Shogunal dynasty that ruled Japan during the Muromachi period (1333–1568). According to the anonymous Taiheiki (‘Chronicle of great peace’; ?1370–71), Ashikaga, the name of a town in Shimotsuke Province (now Tochigi Prefect.), was taken as a family name by a branch of the military Minamoto family. The Ashikaga came to power when the first Ashikaga shogun, Takauji (1305–58), overthrew the Hōjō regents in Kamakura and installed the ambitious Emperor GoDaigo (reg 1318–39) in Kyoto. When GoDaigo refused to name Takauji as shogun, the latter deposed him and replaced him by his own candidate. GoDaigo fled to Yoshino (Nara Prefect.), where he set up a rival court. The schism continued during the early Muromachi period, which is also known as the Nanbokuchō (‘Northern and Southern Courts’; 1336–92) period. Takauji and his son, the second shogun Ashikaga Yoshiakira (1330–67), paid respect to the old aristocracy in Kyoto, but the third shogun, ...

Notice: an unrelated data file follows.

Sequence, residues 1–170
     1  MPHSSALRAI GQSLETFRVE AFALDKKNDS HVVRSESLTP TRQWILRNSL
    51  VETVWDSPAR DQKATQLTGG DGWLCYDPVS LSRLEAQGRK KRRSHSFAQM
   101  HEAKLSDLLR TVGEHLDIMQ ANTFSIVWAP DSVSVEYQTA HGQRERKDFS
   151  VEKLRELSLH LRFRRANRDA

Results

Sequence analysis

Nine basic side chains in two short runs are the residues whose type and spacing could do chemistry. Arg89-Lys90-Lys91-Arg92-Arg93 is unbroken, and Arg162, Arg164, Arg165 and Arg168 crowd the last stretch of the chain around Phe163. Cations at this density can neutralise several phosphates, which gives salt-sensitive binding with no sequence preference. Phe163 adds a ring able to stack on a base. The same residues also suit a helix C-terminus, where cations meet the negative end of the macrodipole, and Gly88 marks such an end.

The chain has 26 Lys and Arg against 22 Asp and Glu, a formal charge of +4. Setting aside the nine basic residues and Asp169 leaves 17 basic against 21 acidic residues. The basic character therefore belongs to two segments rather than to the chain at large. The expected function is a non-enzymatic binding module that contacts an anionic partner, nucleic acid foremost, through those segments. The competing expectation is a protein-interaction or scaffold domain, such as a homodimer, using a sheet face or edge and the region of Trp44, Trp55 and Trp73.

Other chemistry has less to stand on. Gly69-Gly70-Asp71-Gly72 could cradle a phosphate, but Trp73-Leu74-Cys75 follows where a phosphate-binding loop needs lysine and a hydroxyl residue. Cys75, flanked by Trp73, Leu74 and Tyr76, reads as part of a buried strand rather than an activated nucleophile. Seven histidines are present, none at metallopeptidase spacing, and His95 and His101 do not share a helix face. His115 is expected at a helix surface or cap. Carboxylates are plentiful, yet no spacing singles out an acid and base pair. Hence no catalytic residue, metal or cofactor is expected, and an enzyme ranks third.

Phyllis Pray Bober

(b Bologna, 1474–5; d Bologna, Nov 19, 1552).

Italian painter, sculptor, illuminator, printmaker and draughtsman . He was born into a family of painters, and his youthful facility reportedly astonished his contemporaries. His work developed in the Emilian–Ferrarese tradition of Ercole de’ Roberti, Lorenzo Costa the elder and, above all, Francesco Francia. Until the re-evaluation by Longhi, critical assessment of Amico’s oeuvre was over-reliant on literary sources, especially Vasari’s unsympathetic account of an eccentric, half-insane master working so rapidly with both hands (the ‘chiaro’ in one, the ‘scuro’ in the other) that he was able to finish decorating an entire house façade in one day.

Longhi presented Amico as a creative master whose expressive intensity and sensitive use of colour rescued Bolognese painting of the early 16th century from sterile echoes of Raphael. Today Aspertini is viewed as an influential precursor of Mannerism, and his highly individual study of antiquity has been brought to the fore by the publication of his sketchbooks. Amico was not a mere imitator of ancient artists, but their imaginative rival, whether in his grotesques derived from the decorations of Nero’s Domus Aurea in Rome (e.g. the Parma sketchbook and the borders of his ...


(b Assisi, ?1460–70; d Assisi, before Oct 1524).